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At long last, Terry Pratchett‘s Watch books are getting a TV adaptation. BBC America just greenlit an eight-episode miniseries from writer Simon Allen (The Musketeers) and a team of producers from BBC hits like Luther and Doctor Who.
Set in the fantasy city of Ankh-Morpork, the Watch novels are one of the most popular strands of Pratchett’s Discworld series. They’re also the most well-suited to TV adaptation, because they’re about an urban police force, and therefore technically qualify as a crime drama. (The books don’t really focus on traditional crime-solving stories, but we’ll have to wait and see how this pans out in the TV version.)
BBC America’s announcement describes The Watch as a “punk rock thriller,” which sounds a little different from the satirical fantasy tone of the books, but hey, this is just a press release. It also doesn’t specify any particular book, suggesting this is a generalized City Watch series rather than a direct adaptation. The synopsis does hint at time travel though, which could mean some element of Night Watch is involved:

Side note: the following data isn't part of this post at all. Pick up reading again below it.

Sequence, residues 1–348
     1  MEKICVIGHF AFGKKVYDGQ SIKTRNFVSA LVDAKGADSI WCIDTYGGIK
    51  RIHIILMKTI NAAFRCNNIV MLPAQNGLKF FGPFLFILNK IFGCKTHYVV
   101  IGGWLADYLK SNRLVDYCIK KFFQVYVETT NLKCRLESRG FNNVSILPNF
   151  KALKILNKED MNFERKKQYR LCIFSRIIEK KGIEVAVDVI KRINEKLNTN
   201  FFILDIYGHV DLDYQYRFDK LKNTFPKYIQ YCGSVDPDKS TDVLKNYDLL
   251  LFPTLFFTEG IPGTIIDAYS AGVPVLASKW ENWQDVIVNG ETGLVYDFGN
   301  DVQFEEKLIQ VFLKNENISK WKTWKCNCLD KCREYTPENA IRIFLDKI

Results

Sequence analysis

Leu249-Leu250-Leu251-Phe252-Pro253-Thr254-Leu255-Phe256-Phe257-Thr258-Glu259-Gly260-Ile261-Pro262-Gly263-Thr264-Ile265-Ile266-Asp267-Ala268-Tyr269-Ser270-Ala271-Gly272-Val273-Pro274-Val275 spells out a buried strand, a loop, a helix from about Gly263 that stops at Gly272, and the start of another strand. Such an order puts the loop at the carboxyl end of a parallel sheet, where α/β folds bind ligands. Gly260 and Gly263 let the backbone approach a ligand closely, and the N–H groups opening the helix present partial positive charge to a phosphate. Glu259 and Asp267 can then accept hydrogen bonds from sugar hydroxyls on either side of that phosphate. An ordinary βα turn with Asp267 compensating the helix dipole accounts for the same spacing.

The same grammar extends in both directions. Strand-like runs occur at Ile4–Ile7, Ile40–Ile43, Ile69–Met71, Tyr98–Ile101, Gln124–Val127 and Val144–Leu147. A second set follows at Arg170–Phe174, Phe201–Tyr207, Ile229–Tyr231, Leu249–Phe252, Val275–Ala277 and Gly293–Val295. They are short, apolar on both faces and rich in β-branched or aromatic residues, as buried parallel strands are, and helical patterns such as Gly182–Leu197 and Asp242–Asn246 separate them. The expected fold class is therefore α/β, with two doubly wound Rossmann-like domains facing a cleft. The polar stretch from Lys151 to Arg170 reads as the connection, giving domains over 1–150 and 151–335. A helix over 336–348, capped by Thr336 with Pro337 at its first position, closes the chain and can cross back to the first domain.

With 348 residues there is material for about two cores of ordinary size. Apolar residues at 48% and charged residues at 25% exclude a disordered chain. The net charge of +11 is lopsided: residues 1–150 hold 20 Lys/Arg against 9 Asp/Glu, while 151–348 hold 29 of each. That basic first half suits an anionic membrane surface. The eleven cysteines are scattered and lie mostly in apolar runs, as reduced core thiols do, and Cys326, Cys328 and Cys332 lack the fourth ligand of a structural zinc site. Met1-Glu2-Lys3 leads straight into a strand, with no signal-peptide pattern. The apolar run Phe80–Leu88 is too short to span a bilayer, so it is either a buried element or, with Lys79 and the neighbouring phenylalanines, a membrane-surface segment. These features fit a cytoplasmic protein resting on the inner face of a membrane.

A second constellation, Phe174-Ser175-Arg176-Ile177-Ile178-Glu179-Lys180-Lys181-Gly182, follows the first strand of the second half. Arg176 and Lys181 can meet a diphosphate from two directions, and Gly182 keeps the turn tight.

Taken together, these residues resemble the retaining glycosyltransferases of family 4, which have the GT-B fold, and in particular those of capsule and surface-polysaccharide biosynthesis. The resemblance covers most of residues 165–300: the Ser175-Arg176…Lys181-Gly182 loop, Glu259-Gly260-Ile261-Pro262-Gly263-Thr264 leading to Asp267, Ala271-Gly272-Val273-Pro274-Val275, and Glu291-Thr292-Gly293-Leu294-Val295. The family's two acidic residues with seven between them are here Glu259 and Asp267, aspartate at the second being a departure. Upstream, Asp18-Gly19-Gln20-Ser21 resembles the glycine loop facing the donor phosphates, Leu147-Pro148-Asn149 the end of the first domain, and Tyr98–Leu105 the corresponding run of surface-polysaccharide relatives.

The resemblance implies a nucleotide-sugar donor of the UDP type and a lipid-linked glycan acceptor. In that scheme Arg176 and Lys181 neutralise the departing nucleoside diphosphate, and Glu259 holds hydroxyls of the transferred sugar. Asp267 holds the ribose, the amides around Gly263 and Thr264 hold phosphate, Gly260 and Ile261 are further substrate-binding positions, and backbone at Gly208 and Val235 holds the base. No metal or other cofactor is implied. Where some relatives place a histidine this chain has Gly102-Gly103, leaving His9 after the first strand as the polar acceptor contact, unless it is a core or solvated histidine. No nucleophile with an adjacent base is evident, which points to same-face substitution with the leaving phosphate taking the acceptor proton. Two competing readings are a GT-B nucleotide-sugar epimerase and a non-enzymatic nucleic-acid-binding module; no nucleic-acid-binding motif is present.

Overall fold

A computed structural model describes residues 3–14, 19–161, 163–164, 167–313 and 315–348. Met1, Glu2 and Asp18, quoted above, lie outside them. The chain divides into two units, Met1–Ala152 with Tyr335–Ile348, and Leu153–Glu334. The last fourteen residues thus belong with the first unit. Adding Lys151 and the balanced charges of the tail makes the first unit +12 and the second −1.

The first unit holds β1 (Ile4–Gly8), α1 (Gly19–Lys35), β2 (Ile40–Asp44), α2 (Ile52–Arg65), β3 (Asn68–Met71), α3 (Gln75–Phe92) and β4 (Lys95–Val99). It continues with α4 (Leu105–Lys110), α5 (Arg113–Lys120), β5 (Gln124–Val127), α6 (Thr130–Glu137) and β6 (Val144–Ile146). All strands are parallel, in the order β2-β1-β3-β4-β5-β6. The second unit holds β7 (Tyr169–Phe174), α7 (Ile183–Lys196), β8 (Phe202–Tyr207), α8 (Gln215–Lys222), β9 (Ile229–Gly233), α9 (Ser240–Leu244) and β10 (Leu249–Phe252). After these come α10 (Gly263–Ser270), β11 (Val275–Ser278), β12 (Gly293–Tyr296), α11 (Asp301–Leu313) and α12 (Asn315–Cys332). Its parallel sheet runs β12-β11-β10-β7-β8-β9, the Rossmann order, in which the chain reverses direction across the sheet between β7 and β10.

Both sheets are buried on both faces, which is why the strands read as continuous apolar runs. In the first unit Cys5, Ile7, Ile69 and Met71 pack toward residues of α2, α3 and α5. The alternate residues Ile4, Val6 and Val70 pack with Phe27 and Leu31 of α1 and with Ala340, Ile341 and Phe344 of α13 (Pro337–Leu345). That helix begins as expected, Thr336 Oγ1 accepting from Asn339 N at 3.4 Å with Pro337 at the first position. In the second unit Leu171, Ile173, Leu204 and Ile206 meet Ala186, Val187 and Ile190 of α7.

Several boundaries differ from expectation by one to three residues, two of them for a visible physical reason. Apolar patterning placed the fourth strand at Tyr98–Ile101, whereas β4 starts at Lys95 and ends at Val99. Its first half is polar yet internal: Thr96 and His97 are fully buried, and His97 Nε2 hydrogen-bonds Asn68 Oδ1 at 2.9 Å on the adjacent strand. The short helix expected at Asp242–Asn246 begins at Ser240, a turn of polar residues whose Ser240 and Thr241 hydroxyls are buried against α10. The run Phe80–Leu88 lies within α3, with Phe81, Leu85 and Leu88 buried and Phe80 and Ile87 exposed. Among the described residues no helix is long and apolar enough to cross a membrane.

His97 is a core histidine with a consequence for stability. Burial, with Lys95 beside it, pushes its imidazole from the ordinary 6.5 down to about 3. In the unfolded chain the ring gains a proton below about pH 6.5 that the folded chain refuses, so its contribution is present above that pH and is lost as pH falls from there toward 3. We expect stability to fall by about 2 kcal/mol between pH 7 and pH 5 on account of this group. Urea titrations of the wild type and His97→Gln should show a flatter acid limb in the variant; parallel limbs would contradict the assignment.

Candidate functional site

“This disruptive, character-driven thriller centers on Terry Pratchett’s misfit cops as they fight to save a ramshackle city of normalized wrongness, from both the past and future in a perilous quest.”
The press release singles out an interesting cast of core characters. Captain Sam Vimes is obviously the first name, since he’s the protagonist of every Watch book. Then we have his wife Lady Sybil Ramkin, his naive yet heroic protege Carrot, the werewolf Angua, and the forensics expert Cheery Littlebottom, who is described here as nonbinary. (In the books, she’s a dwarf who publicly identifies as female, a rebellious move in a culture that only uses male pronouns. However, her role is widely interpreted as an allegory for trans and nonbinary identities, so this isn’t wholly unexpected.)
There’s no mention of other familiar Ankh-Morpork characters like Nobby Nobbs, Sergeant Colon, Detritus the troll, or Lord Vetinari, but we assume they’ll be in the supporting cast. It looks like the TV show may emphasize the female characters more than the books ever did, which is probably a smart move.
After some rather dubious comedy/fantasy adaptations of other Discworld books, this is exciting news for Pratchett fans. And since the BBC hasn’t announced any further details, you still have plenty of time to argue about your dream cast for the show.
Gavia Baker-Whitelaw is a staff writer at the Daily Dot, covering geek culture and fandom. Specializing in sci-fi movies and superheroes, she also appears as a film and TV critic on BBC radio. Elsewhere, she co-hosts the pop culture podcast Overinvested. Follow her on Twitter: @Hello_Tailor